It took Pindar some years to re-establish himself: fortunately, his friends in Aegina were staunch (Isthmian ode 8; 478 BC). It is virtually certain that he visited Sicily in 476?474 BC and was made welcome at the courts of Theron of Acragas and Hieron I of Syracuse. They were to elicit much of his greatest poetry, and it was through these connections that Pindar’s reputation spread all over the Greek world so that commissions flowed in from the mainland, the islands, and also from the remoter outposts of Hellenism. Promising new contacts were made with the royal houses of Macedon and Cyrene (Alexander of Macedon, Fragment 120; Arcesilas of Cyrene, Pythian odes 4 and 5; 462/461 BC). Theron and Hieron respected and admired Pindar, but his aristocratic temper made him dangerously outspoken. Diplomatic tact and finesse were not among his qualities, and his adroit rivals, Simonides and Bacchylides, were more pliant and adaptable (Bacchylides, not Pindar, celebrated Hieron’s Olympic victory in the chariot race in 468 BC). Echoes of Pindar’s bitter resentment sound in his poetry. So, too, Pindar’s intervention on behalf of Damophilus, a noble exile from Cyrene (Pythian ode 4, 279 ff.), seems to have been taken amiss, and he was not invited to commemorate Arcesilas’ triumph at Olympia in 460 BC. Nevertheless, these were the years of supreme achievement, and Pindar found a growing demand for his poetry and a growing appreciation of his skill. His debt to Athens was amply paid in a famous tribute (Fragment 76) that the Athenians never tired of citing, one that earned the poet special honours in that city (and, according to ancient tradition, a fine at Thebes). It was probably in this period that Pindar married.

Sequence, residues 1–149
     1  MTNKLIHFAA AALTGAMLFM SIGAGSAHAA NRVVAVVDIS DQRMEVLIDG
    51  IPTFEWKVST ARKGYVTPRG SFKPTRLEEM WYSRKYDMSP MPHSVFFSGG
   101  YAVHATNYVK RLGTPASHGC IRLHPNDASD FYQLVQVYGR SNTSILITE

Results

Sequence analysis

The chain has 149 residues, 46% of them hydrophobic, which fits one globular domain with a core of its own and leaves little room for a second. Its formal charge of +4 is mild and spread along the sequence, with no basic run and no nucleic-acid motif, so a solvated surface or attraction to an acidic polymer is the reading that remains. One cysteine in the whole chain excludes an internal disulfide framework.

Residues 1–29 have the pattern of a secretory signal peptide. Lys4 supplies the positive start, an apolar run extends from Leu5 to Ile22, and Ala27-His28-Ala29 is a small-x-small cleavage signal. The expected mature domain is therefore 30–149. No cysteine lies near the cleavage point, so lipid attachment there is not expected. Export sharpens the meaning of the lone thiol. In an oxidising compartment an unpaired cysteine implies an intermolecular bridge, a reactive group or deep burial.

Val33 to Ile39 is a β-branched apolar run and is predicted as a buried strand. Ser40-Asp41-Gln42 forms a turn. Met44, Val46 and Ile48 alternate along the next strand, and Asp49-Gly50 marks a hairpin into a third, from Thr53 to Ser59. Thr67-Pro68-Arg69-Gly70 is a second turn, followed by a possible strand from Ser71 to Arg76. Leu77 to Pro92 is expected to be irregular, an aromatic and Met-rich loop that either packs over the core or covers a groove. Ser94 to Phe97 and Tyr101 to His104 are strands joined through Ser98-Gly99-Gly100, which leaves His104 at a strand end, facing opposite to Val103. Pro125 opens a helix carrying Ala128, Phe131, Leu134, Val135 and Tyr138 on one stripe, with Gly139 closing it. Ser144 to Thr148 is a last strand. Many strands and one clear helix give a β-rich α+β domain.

The subsequent decade of Athenian domination in central Greece coincided with a period when Delphi was controlled by Phocis in northern Greece. These were dark years for Pindar, and his poetic output dwindled. But he continued to celebrate Theban victories (Isthmian odes 1 and 7); and he found inspiration in the achievements of his Aeacid friends of Aegina, though their days of nominal independence were clearly numbered (Isthmian odes 5, 6; Nemean odes 3-8; all celebrate Aeginetan successes). Pindar’s last extant poem (Pythian ode 8) appropriately commemorates an Aeacid victory.